Other sources of irritation (and I’m purposely not saying who is on which side in these important issues): Saying ‘sorry’ too often for no reason. Being nice (i.e. too nice) in doing little things for the other. Putting the really good teaspoons into the dishwasher and, thus, putting them out of circulation for a day or two when you know that the other person always hand-washes these spoons because they need good thick spoons for squeezing the teabag due to the arthritis in their fingers. Doing too much for each other.  Referring to something that the other enjoys doing as ‘an obsession’ when it’s really only a hobby or a serious enthusiasm. Annoying each other with our niceness (i.e. fussiness). Not getting the correct toilet rolls (Kitten Soft Quilted Dreams) in the weekly shop. Thinking that ‘red’ milk is the same as ‘pink’ milk when it’s blatantly obvious that the red is 1.5% fat and the pink is 0% fat. Not replacing the top on the milk carton. Leaving the top of the milk in a different part of the kitchen to the carton. At breakfast, putting out a place mat for the other when they know that the other always uses a bread board at breakfast time. Not fully finishing a mug of tea so that the cleaner-upper sometimes spills the remnants on the floor.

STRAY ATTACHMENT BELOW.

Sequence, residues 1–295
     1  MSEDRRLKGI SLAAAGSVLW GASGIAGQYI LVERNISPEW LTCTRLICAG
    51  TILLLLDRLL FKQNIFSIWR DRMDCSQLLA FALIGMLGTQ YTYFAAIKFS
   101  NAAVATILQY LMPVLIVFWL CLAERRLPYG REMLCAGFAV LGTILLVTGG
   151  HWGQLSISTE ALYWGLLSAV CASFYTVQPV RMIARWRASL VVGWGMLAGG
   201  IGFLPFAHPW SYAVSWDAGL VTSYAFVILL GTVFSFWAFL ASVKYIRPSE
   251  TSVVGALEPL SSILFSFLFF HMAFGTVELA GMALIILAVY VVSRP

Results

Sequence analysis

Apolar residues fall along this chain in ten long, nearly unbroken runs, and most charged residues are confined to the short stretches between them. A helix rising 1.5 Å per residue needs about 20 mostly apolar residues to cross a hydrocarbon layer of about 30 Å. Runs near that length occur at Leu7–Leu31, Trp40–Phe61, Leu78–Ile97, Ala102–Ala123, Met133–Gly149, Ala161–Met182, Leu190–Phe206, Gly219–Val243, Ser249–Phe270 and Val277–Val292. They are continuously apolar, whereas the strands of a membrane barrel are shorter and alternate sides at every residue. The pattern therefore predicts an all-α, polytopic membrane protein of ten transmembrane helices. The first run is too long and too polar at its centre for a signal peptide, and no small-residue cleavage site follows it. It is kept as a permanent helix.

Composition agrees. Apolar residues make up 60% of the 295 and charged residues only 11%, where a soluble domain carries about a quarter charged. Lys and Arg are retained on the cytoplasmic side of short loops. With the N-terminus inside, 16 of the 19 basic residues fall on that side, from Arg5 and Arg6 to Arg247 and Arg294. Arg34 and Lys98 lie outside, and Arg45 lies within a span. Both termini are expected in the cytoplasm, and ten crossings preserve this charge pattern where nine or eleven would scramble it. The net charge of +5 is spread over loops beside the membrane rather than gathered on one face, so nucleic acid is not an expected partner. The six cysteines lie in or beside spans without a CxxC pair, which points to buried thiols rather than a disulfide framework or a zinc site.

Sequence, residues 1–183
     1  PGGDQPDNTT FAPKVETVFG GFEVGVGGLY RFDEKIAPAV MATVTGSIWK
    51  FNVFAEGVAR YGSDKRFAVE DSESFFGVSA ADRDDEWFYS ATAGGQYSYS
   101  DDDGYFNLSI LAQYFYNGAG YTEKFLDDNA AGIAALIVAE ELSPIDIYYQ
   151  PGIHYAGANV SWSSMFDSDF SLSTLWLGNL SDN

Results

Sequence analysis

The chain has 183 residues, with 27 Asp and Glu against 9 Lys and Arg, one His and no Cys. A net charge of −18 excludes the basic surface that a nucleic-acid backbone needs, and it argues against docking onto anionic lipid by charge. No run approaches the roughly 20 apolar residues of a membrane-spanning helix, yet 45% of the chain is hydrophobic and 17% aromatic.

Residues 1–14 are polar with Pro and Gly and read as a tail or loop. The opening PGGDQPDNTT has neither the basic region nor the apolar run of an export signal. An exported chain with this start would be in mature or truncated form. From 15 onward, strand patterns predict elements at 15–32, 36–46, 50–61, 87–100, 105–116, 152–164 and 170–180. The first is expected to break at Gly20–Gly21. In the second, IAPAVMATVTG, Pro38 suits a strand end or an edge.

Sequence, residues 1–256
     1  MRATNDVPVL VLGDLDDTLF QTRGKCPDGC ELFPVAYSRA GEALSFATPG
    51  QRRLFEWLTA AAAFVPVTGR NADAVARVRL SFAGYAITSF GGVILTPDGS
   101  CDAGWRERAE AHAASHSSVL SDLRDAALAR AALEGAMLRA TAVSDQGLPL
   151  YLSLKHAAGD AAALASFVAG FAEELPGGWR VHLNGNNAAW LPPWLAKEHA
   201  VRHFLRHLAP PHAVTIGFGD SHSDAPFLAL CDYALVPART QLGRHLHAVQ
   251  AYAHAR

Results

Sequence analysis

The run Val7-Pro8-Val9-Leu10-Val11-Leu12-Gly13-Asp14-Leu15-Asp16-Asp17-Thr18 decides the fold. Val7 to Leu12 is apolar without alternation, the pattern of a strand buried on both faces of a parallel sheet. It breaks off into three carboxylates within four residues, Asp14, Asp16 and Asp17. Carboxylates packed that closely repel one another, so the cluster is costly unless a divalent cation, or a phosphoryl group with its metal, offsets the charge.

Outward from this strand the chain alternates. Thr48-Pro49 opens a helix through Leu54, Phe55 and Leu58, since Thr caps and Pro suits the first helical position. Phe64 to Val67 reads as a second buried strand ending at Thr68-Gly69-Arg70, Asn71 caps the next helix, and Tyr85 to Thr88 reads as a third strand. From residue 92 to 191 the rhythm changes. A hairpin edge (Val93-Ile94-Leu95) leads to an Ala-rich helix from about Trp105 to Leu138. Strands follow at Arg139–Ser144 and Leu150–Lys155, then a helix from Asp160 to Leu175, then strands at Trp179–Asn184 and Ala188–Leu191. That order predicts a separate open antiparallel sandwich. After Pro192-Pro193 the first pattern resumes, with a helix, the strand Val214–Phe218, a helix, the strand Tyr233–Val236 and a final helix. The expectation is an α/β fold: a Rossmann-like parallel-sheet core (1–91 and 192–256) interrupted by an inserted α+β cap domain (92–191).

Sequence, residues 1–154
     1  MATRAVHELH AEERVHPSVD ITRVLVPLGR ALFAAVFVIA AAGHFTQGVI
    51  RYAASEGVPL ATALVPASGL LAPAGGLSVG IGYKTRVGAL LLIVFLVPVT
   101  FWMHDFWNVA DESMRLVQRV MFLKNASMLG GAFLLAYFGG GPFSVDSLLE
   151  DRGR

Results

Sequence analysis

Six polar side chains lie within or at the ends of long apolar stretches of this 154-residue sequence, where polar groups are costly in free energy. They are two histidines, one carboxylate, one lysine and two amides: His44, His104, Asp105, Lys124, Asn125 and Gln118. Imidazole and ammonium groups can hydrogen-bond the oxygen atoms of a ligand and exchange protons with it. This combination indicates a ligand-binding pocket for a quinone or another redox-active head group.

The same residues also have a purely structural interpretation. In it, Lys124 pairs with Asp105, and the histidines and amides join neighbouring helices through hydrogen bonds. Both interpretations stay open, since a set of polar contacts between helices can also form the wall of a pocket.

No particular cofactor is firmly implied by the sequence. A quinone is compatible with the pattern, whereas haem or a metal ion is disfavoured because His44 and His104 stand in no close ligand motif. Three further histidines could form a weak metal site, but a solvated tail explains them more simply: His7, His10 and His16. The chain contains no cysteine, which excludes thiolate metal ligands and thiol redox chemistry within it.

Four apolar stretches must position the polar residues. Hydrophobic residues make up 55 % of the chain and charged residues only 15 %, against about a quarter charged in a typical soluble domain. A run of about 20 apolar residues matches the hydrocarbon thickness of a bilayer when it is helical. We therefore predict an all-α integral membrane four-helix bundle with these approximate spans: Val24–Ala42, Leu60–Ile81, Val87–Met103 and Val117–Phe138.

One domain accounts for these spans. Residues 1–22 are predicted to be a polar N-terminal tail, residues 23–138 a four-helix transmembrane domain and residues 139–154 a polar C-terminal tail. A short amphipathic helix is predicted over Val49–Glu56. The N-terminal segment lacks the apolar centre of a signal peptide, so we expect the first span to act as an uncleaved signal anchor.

Wednesday, June 24th 2020

Wedding anniversary, 48 years! We don’t usually do anything much to mark the anniversary but now that we can’t I get a sudden yearning to even go out for a cup of tea somewhere and just sit at a table in a café. Not possible for another week or so, and even then I would be a bit wary about going into any crowded place. What will ‘crowded’ mean any more?

Sunday, 5th July 2020

I had to go out for a message this evening at 7 o’clock or so, and I discovered that our front door hadn’t been unlocked all day. That’s how quiet a life we are leading lately.

Thursday, 9th July 2020

A song that has wormed its way into my head last night and again today: ‘You’ve Got A Friend In Me’ (Randy Newman, in Toy Story). It puts me in good humour.

I met a woman today who knows someone who actually met Tony Holohan several years ago. Imagine!

 

More Diary from a Trim Cocooner

 

Monday, January 4th 2021